Lincoln Indian Center fights to stay in operation
LINCOLN, Neb. (AP) — Marshall Prichard said keeping the doors open at the Lincoln Indian Center is like flying an airplane while trying to fix it at the same time.
Prichard rejoined the center’s board of directors this summer in hopes of reviving the community center in midst of financial woes. But after discovering insurmountable unpaid bills and firing the center’s former manager, Prichard learned earlier this month that the center lost a $70,000 government grant.
Prichard told the Lincoln Journal Star that though a dire task, the center is worth fighting for, because the community “thinks this place is important.”
The center, which helps feeds the elderly and provide value to the Native American community, is now fundraising and trying to rebuild its reputation in the community.
When he served as director in the 1970s, Prichard helped move the center to its current home north of Memorial Stadium. He remembers the center drawing more than 150 community members and employing at least 100 people. Now, the center has two full-time employees, one part timer and about $140,000 worth of debt.
Georgiana Ausan, appointed as the center’s interim executive director in October, said the recently lost $70,000 grant kept the heat on, lights running and trash out. A full-time administrator role for the center’s food program was cut with the loss of the grant as well.
The Nebraska Department of Health and Human Services also terminated the Lincoln Indian Center’s role as the administrator and distribution site for the federal Commodities Supplemental Food Program. The department cited “irregularities in the financial practices and concerns about organizational capacity that have recently come to light.”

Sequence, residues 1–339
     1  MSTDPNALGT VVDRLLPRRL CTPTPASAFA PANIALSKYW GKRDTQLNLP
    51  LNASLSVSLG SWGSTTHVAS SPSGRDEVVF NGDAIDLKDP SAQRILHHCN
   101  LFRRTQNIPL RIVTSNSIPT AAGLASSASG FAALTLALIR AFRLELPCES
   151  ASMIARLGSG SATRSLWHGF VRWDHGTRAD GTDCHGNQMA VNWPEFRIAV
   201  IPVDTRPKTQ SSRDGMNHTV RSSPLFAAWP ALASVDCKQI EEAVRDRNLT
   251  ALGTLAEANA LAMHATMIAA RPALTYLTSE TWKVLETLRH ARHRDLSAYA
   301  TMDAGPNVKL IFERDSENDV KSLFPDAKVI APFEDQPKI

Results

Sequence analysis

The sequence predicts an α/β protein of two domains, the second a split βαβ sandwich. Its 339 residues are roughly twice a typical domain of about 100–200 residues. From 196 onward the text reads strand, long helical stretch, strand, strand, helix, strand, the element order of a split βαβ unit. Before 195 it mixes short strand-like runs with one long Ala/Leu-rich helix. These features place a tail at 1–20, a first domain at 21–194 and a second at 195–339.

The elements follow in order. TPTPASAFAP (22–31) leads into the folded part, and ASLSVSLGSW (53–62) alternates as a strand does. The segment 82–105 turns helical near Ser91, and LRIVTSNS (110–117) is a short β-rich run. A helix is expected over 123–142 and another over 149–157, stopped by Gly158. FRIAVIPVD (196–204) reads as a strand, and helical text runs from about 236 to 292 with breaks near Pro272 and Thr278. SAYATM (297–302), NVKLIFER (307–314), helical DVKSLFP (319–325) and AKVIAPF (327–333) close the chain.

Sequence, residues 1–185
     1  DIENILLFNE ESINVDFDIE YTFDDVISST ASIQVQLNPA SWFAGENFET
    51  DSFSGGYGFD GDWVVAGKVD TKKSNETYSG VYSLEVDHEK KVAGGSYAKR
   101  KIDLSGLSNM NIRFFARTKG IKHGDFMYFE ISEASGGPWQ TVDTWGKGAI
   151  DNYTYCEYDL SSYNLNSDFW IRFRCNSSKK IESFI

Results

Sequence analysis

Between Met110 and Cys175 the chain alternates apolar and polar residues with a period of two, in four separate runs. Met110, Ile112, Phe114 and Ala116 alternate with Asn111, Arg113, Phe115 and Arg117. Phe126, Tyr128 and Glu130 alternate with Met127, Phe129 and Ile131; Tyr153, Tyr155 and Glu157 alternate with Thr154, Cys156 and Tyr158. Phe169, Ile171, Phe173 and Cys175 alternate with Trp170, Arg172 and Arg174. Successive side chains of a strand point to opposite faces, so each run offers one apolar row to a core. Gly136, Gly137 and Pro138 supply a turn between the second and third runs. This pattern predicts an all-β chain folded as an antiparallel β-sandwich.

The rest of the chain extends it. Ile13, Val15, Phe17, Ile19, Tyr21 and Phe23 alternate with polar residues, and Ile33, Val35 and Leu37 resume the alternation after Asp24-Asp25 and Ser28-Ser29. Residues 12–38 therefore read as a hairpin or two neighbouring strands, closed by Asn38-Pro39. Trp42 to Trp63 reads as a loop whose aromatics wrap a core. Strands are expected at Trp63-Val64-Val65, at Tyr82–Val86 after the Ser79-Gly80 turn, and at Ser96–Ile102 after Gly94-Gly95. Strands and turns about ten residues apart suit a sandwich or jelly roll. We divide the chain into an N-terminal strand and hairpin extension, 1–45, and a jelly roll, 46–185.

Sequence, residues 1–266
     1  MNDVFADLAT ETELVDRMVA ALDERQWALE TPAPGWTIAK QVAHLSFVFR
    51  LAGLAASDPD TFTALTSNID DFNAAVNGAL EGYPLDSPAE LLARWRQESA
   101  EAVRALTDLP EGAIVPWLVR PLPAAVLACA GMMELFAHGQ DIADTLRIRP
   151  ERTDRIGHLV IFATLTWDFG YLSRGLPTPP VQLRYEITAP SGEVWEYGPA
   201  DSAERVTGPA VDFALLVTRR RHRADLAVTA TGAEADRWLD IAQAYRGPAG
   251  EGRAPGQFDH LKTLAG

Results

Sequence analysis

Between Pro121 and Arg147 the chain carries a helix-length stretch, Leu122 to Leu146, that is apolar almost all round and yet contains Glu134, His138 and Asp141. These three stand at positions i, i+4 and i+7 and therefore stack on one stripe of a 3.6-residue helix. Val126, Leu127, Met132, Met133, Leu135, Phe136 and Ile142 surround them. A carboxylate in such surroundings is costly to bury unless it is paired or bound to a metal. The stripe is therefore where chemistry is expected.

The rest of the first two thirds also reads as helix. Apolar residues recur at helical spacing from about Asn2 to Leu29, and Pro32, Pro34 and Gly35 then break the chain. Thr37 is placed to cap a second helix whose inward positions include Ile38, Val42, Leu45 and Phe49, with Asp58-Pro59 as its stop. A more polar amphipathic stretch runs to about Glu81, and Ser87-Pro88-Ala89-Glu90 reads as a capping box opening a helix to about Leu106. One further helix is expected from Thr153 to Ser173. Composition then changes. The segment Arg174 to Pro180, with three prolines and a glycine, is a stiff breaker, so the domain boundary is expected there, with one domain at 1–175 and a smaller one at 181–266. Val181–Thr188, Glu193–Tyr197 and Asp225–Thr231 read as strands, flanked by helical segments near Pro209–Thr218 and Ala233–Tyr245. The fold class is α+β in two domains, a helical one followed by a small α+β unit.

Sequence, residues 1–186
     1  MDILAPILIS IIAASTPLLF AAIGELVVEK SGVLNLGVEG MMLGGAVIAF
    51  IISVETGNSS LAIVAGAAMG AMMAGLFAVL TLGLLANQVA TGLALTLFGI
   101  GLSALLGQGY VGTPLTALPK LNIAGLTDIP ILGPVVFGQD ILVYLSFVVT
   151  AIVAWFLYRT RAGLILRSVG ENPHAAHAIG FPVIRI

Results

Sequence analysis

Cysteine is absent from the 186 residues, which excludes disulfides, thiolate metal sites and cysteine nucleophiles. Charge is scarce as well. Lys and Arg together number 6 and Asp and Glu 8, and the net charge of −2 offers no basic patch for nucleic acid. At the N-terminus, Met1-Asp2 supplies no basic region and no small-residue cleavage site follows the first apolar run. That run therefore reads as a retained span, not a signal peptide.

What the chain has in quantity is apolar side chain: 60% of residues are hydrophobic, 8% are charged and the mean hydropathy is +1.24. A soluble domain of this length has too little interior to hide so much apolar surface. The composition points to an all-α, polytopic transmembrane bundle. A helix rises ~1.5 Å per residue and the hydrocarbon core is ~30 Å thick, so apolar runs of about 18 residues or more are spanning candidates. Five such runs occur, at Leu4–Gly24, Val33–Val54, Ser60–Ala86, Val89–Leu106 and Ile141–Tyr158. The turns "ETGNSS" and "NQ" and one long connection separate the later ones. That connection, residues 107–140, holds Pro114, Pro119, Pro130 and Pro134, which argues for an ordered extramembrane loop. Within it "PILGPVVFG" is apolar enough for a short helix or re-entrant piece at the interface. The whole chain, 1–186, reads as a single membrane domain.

The food program — in partnership with the Food Bank of Lincoln — has been helping feed eligible senior citizens in the area for decades. The Food Bank’s director, Scott Young, said he would rather the program stay the same, “but we see the needs these seniors have.”
Ausan acknowledged that the public’s trust in the center is broken, but she said “it’s really important we keep the public aware as much as possible of what’s going on, going forward, and what are we going to do to get out of this mess.”
The center received $7,500 from a pair of online fundraisers including donations by the Lincoln Community Foundation and the Ponca Tribe of Nebraska. Ausan said the center is still seeking donations through the Lincoln Community Foundation so donors know their money is being spent appropriately.
Information from: Lincoln Journal Star, http://www.journalstar.com